Moore had a brief first marriage to the sister of Sir James Wright, first baronet, of Ray House, Woodford, Essex, British minister to the republic of Venice from 1766 to 1773. After her death he married for a second time on 23 January 1770. His bride was Catherine, daughter of Sir Robert Eden, third baronet, of West Auckland, co. Durham, and the match brought him into the circle of a highly competent political family. In September 1771 Moore became dean of Canterbury following the direct request to the king of the fourth duke of Marlborough, but he resigned after less than four years to become bishop of Bangor in February 1775. He resided in his see during the summer, conducted visitations at regular intervals, and found that his young family much enjoyed their stays in north Wales. Eight years later he was advanced to the primacy itself, a surprise choice of a relatively junior bishop. Although bishops Hurd and Lowth had both declined the honour they agreed that the king should send for Moore, who was duly translated to the archbishopric of Canterbury on 26 April 1783 and installed and enthroned by proxy on 10 May.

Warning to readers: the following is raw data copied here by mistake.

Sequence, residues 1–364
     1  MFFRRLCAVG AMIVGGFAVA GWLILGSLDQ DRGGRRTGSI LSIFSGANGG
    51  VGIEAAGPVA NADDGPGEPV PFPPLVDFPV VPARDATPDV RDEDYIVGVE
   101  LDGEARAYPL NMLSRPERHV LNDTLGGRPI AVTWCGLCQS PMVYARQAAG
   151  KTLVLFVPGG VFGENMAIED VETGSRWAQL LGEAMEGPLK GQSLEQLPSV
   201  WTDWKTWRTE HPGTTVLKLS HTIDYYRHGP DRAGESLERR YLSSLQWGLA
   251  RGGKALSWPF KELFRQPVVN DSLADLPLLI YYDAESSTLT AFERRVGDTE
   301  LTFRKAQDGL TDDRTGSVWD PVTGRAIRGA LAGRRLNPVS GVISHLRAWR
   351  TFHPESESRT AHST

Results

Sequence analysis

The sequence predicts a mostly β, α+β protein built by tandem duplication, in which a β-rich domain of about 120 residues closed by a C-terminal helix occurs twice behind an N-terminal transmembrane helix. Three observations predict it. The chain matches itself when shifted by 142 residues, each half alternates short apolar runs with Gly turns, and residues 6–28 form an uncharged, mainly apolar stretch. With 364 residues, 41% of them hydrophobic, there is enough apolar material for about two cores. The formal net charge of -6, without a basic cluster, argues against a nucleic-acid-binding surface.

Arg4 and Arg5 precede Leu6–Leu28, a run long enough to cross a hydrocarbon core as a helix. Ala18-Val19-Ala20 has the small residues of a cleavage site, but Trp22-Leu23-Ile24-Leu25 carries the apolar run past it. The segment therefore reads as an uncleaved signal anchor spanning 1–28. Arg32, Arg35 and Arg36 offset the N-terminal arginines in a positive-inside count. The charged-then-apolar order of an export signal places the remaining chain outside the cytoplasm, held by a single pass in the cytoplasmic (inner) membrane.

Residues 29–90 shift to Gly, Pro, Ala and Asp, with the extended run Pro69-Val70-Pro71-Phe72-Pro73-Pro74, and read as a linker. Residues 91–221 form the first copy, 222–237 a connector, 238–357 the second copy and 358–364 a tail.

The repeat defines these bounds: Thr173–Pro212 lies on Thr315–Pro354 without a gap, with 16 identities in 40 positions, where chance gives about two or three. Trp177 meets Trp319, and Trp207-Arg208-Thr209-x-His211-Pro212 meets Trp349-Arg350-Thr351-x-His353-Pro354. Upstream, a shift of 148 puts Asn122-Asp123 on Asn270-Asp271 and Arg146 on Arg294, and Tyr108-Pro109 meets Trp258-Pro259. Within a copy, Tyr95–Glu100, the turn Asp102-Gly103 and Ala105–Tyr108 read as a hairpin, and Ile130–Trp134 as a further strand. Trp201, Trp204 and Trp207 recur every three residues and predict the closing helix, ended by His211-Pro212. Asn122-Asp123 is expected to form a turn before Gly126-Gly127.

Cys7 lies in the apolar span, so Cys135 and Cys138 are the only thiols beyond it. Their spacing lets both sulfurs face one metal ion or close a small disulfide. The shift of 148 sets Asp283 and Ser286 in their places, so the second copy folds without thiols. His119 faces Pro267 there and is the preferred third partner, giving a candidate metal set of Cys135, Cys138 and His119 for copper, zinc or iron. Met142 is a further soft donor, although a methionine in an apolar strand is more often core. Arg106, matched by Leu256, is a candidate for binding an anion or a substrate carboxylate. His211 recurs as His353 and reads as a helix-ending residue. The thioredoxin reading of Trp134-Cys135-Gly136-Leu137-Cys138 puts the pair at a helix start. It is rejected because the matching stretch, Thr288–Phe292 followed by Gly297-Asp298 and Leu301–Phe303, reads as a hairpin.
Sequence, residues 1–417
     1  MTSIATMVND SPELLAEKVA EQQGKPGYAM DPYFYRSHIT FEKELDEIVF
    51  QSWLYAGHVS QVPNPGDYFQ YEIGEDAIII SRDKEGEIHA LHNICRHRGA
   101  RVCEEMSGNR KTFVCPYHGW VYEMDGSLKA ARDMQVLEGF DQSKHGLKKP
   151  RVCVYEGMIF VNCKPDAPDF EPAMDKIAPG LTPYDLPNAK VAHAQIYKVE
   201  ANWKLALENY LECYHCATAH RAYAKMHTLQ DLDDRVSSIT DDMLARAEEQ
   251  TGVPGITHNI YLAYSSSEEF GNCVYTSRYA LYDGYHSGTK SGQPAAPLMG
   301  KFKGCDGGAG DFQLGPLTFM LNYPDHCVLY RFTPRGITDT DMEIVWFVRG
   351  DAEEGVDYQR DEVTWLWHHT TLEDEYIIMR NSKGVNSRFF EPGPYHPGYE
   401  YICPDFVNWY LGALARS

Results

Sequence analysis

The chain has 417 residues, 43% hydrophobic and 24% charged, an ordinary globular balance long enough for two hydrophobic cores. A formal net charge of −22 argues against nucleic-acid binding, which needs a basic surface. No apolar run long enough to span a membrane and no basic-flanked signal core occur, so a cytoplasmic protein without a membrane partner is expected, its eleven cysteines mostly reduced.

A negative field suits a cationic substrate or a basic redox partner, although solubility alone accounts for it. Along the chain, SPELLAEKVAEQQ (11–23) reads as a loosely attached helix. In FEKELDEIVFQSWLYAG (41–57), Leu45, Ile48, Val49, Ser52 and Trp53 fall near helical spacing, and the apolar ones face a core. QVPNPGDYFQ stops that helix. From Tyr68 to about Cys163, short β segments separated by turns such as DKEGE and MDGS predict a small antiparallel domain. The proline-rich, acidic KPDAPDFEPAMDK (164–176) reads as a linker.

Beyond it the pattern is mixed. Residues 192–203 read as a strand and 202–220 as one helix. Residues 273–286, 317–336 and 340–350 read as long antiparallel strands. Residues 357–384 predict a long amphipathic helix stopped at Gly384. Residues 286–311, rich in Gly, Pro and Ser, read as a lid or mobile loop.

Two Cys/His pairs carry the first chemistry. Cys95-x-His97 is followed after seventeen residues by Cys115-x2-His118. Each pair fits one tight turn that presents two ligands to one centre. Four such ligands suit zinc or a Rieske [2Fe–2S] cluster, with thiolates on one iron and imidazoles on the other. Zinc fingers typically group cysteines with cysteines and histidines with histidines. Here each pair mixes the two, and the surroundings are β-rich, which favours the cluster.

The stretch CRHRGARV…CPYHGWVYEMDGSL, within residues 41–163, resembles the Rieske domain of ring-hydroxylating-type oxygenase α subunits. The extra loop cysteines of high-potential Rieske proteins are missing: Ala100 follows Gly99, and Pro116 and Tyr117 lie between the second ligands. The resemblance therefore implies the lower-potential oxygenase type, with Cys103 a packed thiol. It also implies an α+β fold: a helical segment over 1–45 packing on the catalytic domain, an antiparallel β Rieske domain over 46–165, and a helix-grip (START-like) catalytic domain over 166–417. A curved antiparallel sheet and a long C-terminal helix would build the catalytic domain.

Moore's primacy of twenty-two years was steady and cautious, with the defence of the establishment as its main hallmark. The key role of his brother-in-law, William Eden, first Lord Auckland, in the circle of William Pitt the younger ensured the archbishop was party to state deliberations at the highest level. Moore was opposed to hazarding the repeal of the Test and Corporation Acts and he convened a gathering of sixteen of the twenty-six bishops in London on 10 February 1787 to test and concert opinion against parliamentary moves for repeal. The archbishop spoke out on 9 June 1789 in the House of Lords against Earl Stanhope's Toleration Bill for its dangerous vagueness that would ‘serve to cover every species of irreligion’ (Ditchfield, ‘Dissent and toleration’, 63). Though Moore cautiously accepted the Roman Catholic Relief Act of 1791, the outbreak of the French Revolution intensified his conviction that the times were inappropriate to reducing the privileges of the religious establishment, and he was reluctant to take further Pitt's interest in tithe commutation. In late 1800 the archbishop deployed his influence in strengthening the king's dislike of conceding Catholic emancipation. Similarly, although he was initially sympathetic to the campaign for the abolition of the slave trade, he withdrew his support in 1792 in a move that was a severe blow to Wilberforce. Though cautious of the evangelicals and the new Church Missionary Society, Moore was in principle sympathetic to the expansion of Anglican missionary activity and he promoted the Sunday school movement. It was during his primacy that the Episcopalian church in the United States was settled. Though it was inexpedient for Moore to consecrate Samuel Seabury from Connecticut as an American bishop in 1784, he privately made clear he had no objection to the nonjuring Scottish bishops—whose orders he considered valid—undertaking that office. In due course, on 4 February 1787 Moore presided at Lambeth Palace over the consecration of William White and Samuel Provoost—elected by the Philadelphia convention of United States Episcopalians—as bishops of New York and Philadelphia respectively. In May 1786 Moore and Bishop Lowth had petitioned the crown for a bishop for Canada. The choice eventually fell on Charles Inglis of Nova Scotia, whom the archbishop consecrated on 12 August 1787. Moore took this step only after extensive soundings of interested parties; equally characteristically, once this was done he gave the infant Canadian church his full support. He allowed other bishops, such as Samuel Horsley, to take the lead in denouncing the politics of republican, regicide France in the 1790s, and was reluctant to allow individual clerics to take up arms during the invasion scare of 1798.